New specific manufacturing processes and methodologies that significantly improve resource intensity and utilisation whilst maintaining productivity, quality, and asset life objectives.
Process Integration and Sustainability
Academic: Brian Monaghan (UOW)
Industry: David Pinson (BlueScope), Mark Bubicich (Liberty)
This program targets a holistic approach to optimisation of resource intensity for steel manufacturing processes, constrained by productivity, asset life management, steel quality and sustainability objectives. Since raw materials and energy resources are closely intertwined, this holistic approach is required to help solve major strategic challenges currently faced by Australian steel manufacturing, which, due to relatively low production capacity, operates under considerable capital constraints.
The anticipated outcomes include new decision-informing methodologies designed to optimise manufacturing efficiency and asset life extension, novel ways to increase utilisation of by-products and end-of-life resource streams and new efficient recovery/separation of valuable mineral resources. These outcomes reduce the environmental impact through reducing primary raw materials consumption, landfill and hazards associated with stockpiling, and GHG emissions.
Program 1 is comprised of two sub-programs:
- Integrated & Efficient Steel Manufacturing
- Resource Intensity & Sustainability
Integrated & Efficient Steel Manufacturing
- 1.1.1- Fundamental understanding of processing limits in blast furnace ironmaking
- 1.1.2- The effect of slag formation on hot metal and BOS desulphurization
- 1.1.3- Inclusion Engineering in Si de-oxidized steel for Rail Grade applications
- 1.1.5- Numerical investigation of temperature variations in blast furnace hearth sidewall and Taphole Refractories
- 1.1.6- Numerical investigation of temperature variations in LPS 2BF blast furnace hearth sidewall and taphole refractories
- 1.1.7- Sintering of contemporary raw materials blends for ironmaking
This is a collaborative project between ArcelorMittal, BlueScope Limited (BSL) and University of Wollongong (UOW).
The project commenced in the latter half of ARC Research Hub for Australian Steel Manufacturing and continued under the current Steel Research Hub. The project was designed to provide new fundamental information and provide ArcelorMittal and BlueScope a more comprehensive understanding of complex phase interactions which occur in the lower zone of the blast furnace (BF) i.e. between gas, solids, liquids and powder.
The selection of raw materials with properties that optimise the performance of each specific blast furnace, in terms of productivity and overall operating cost. This optimisation can be informed through understanding the processing limits in the BF lower zone, specifically through improved knowledge of key multiphase phenomena occurring in this zone.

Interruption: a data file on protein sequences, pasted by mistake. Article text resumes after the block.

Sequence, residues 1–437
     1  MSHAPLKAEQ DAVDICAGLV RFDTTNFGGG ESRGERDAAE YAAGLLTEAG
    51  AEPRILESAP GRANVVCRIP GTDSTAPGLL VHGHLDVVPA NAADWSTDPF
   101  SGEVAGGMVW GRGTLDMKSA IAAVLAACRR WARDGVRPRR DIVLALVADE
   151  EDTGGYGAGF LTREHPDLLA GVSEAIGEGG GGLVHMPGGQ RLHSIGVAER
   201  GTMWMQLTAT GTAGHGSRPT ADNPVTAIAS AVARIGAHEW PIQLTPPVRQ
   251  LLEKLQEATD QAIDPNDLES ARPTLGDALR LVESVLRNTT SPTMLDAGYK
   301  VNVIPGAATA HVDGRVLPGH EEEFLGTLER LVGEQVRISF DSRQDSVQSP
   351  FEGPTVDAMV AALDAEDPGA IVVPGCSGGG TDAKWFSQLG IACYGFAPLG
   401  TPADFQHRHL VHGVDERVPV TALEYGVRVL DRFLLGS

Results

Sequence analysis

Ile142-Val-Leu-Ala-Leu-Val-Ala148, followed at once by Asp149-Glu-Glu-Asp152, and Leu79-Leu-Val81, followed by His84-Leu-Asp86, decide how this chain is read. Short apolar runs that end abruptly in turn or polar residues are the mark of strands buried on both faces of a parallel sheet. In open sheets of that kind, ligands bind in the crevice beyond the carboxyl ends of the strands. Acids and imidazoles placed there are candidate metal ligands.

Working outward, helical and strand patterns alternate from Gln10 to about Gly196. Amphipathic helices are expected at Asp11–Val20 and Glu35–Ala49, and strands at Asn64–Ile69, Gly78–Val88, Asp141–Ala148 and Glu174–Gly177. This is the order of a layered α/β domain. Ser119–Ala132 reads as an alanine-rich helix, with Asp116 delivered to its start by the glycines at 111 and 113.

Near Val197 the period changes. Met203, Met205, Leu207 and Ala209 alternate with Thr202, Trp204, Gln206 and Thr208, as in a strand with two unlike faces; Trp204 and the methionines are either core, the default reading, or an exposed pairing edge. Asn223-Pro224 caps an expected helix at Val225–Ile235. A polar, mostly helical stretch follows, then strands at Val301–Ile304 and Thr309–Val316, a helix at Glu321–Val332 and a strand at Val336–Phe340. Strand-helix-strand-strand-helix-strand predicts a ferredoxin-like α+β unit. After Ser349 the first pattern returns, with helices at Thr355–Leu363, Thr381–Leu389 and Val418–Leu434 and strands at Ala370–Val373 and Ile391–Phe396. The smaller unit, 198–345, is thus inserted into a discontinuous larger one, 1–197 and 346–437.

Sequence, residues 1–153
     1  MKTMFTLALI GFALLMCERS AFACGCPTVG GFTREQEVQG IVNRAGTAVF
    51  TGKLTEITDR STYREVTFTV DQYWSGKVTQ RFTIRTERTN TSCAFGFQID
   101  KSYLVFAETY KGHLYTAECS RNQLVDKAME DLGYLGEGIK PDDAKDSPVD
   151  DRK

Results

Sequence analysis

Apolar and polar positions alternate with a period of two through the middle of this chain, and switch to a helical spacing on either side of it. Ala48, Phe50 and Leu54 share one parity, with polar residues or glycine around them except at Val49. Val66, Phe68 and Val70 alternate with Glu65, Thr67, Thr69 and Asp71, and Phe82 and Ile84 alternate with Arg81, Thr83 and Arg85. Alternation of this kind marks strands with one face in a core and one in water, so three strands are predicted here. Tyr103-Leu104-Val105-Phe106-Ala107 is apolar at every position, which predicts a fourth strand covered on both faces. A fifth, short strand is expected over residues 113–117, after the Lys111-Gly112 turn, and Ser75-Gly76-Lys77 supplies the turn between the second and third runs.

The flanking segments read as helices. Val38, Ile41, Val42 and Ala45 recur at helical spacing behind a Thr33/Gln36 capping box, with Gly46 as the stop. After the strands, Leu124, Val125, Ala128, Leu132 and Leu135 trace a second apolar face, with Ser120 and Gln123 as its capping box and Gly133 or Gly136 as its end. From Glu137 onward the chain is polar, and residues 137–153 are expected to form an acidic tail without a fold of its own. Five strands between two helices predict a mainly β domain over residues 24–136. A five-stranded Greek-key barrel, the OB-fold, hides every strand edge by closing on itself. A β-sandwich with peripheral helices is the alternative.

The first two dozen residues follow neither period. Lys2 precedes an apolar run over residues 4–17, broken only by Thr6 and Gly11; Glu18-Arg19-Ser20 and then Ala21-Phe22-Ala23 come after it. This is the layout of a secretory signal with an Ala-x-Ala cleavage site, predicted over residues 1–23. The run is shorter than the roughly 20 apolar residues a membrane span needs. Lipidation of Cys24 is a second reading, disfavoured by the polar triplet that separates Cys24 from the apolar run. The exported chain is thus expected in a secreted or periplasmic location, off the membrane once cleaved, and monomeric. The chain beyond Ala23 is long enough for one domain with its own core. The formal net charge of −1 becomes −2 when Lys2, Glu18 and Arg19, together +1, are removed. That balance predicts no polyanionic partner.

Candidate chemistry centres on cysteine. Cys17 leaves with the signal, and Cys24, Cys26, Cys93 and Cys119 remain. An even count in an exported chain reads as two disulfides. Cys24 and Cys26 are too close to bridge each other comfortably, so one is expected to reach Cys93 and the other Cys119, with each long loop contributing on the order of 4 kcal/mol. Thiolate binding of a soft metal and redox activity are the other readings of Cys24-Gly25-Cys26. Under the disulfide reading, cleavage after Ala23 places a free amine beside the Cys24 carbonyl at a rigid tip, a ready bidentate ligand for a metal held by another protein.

Ultimately, the link between raw material properties with BF input and operational parameters, such as the pulverised coal rate, slag rate and coke strength, should make it possible to derive the most relevant, inherent relationships for “value-in-use” determinations made by steel companies.
Team: Dr Xuefeng Dong (UOW), Dr Apsara Jayasekara (UOW), Professor Brian Monaghan (UOW), Dominique Sert (ArcelorMittal), Dr Sheng Chew (BlueScope), Dr David Pinson (BlueScope), Dr Pascal Gardin (ArcelorMittal), Rodolfo Paulo Santos Ferreira (ArcelorMittal), Dr Paul Zulli (UOW).
Led by the University of Wollongong (UOW), the project brings together UOW, Liberty Primary Steel (LPS) and Swinburne University of Technology (SUT).
A key aspect of the collaboration is to build Australian-based research capacity and pyrometallurgy expertise to support LPS Whyalla’s future steel product developments and operational requirements.
LPS has significant interest in developing a more fundamental understanding of desulphurisation within their Whyalla steel plant. In practical terms, this will aid its utilisation of in-house scrap and other iron bearing materials, minimise losses at its hot metal station and improve slag formation during steelmaking blowing sequences – ultimately, to optimise plant desulphurisation and lower operating costs.
Team: Professor Brian Monaghan (UOW), Israel Murgas (Liberty), Petr Suchanek (Liberty), Professor Akbar Rhamdhani (SUT), PhD candidate
Steelmaking at Liberty Primary Steel’s (LPS) Whyalla steelworks produces ~1.1 Mt p.a. of steel in the form of billets, blooms and slabs via a billet caster and a combination caster. The billet caster produces feed for the Rod Mill in Newcastle and for the Bar Mill in Sydney. The combination caster produces feed for the Whyalla Mill to be rolled into rails and structural sections. Any available capacity in excess of the Rod or Bar Mill requirements is exported as semi-finished products (billets or slabs).
In this research project, LPS is primarily interested in developing an understanding of the capability of the current Ladle Metallurgy Furnace-Tundish rail making process to meet the maximum Total Oxygen value of 35 ppm in the Australian rail standard AS1085.1:2019 and how the process can be improved.
Team: Professor Brian Monaghan (UOW), PhD candidate (UOW, TBC), Israel Murgas (Liberty Primary Steel), Dr Navjeet Singh (Liberty Primary Steel), Professor Akbar Rhamdhani (SUT)
The University of Wollongong (UOW) has joined forces with BlueScope Limited (BSL) to develop a project which focuses on investigation of blast furnace asset, specifically, the hearth sidewall and taphole refractories.
A unique challenge for BSL potentially affecting its steelmaking competitiveness and sustainability is the reliance on a single blast furnace (BF5) for the supply of liquid hot metal to downstream processes. Extending the life of capital-intensive assets like BF5 is a key focus and therefore, novel ways to significantly increase furnace operational security and campaign life are sought, especially around the tapholes.
Overall, this project provides greater fundamental and technological capability to assess refractory condition and hence, inform on alternate operational and engineering actions required for BF5’s life extension.
It is a project undertaken in partial collaboration with Liberty Primary Steel (Project 1.1.6).
Team: Dr Xuefeng Dong (UOW), Dr Habib Zughbi (BlueScope), Mark Biasutti (BlueScope), Dr Sheng Chew (BlueScope), Dr Paul Zulli (UOW)